Nathan Filer wins Costa Book of the Year

Nathan Filer wins Costa Book of the Year

First-time novelist Nathan Filer has won the £30,000 Costa Book of the Year award for his "extremely moving" debut The Shock of the Fall (HarperCollins).

HarperCollins executive publisher Kate Elton said the win was "so brilliant for Borough Press", the newly launched literary imprint which brought out Filer's novel in paperback earlier this month.

"I'm thrilled for Katie Espiner's imprint Borough to have this debut win the Costa in its first month; to get off to such a strong start is brilliant," she told The Bookseller. "It also reaffirms your faith in why we are all in publishing. Everyone knew we bought The Shock of the Fall in a very big auction [Eleven publishers were involved]. We took a big bet on a book we utterly believed in and a writer we loved - we had faith that his work would resonate with people. That's the joy of what we do - finding new writers we believe in and whom we believe we can make a difference to in taking his work to lots of people. This gives him an extremely strong platform to share his talents."

The novel is narrated by a young man, Matthew, descending into schizophrenia as he confronts his role in the death of his brother 10 years earlier. Filer, 33, is a qualified mental health nurse and worked for many years in the Bristol mental health service before his present role as a lecturer in creative writing at Bath Spa university.

At the award ceremony held in central London on Tuesday night (28th January), chair of the judges Rose Tremain acknowledged that it was "always a risk" choosing a first novel - "Is it a one-book wonder? You don't know" - but said that The Shock of the Fall was "astonishingly sure-footed" for a debut work.

"What impressed me most was the almost perfect alignment between the voice of the narrator and its subject; it covers age five to the early 20s, the voice changes and alters," she said.

Tremain added: "Someone in the course of the [judging] meeting said 'Isn't it a marginal subject?' But it's not just about schizophrenia, but grief, and we all have experience of that. It's about grief and coming to terms with grief. It's extremely moving."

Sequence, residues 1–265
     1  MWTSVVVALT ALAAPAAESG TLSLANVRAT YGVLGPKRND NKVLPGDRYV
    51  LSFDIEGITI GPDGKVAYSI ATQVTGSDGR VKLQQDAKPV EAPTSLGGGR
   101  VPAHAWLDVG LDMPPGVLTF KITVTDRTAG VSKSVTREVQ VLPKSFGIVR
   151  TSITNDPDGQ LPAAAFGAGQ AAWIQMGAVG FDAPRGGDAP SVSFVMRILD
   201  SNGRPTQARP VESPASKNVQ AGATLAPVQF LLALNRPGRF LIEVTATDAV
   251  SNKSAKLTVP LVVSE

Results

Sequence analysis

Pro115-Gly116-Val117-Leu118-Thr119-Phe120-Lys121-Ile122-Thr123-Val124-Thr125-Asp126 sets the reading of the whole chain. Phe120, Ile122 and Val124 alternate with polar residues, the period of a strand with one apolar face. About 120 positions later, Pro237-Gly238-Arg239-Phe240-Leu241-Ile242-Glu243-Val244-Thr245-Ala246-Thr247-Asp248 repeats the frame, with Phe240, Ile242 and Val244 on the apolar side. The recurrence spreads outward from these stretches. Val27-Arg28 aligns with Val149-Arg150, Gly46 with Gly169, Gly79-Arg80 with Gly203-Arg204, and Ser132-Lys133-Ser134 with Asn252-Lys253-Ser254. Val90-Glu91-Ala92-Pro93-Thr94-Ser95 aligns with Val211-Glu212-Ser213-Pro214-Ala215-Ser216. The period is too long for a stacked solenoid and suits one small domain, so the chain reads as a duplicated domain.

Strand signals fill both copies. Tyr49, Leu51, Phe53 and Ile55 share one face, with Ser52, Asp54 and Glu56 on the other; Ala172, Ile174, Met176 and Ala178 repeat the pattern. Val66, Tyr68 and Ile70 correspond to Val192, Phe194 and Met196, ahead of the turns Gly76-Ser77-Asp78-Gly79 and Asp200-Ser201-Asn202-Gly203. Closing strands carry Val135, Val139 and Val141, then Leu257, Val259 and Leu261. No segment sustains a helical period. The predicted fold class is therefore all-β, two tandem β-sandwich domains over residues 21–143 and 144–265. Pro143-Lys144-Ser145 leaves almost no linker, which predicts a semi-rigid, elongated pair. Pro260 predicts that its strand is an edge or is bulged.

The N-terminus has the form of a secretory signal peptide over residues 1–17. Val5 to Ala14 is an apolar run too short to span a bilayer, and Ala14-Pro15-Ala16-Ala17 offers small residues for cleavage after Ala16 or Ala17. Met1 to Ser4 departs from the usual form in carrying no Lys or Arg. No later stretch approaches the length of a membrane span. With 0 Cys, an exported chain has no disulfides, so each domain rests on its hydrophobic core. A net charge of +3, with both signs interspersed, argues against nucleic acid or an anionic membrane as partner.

She added that there was "genuine excitement about this author" among the judges, as well as about the fact that the prize win would "change his life".

However she said that the other four shortlisted titles - bookies' favourite Life after Life by Kate Atkinson (Doubleday), The Pike by Lucy Hughes-Hallett (Fourth Estate), Goth Girl and the Ghost of a Mouse by Chris Riddell (Macmillan Children's Books) and Drysalter by Michael Symmons Roberts (Jonathan Cape) - had also been strong contenders. "It was a very good list this year, but this book stood out," she said, although acknowledging that the judges had been "not quite unanimous."

Accepting the award, Filer said: "It was a real honour to be considered among such writers. I feel a bit emotional - I'm allowed to." He thanked his wife Emily saying he was "absolutely certain" he wouldn't be "standing here now" without her help, later divulging that the two had only married last Saturday (25th).

He also said of his novel: "I certainly didn't set out to write a campaign book or to write about mental illness or schizophrenia, I set out to write about this character [Matthew]. Having decided schizophrenia would be part of this character, I felt a responsibility not to propagate the myths around the illness." He still does shifts in hospital, he revealed, with one due just next weekend. "I do think there's something to be said for having more to your life than writing," he observed. "I've just re-registered [as a nurse] for another year, I'm proud to be a nurse, I think it's very important."

The Costa Short Story award, also given at yesterday's ceremony, went to Angela Readman for her tale "The Keeper and the Jackalopes".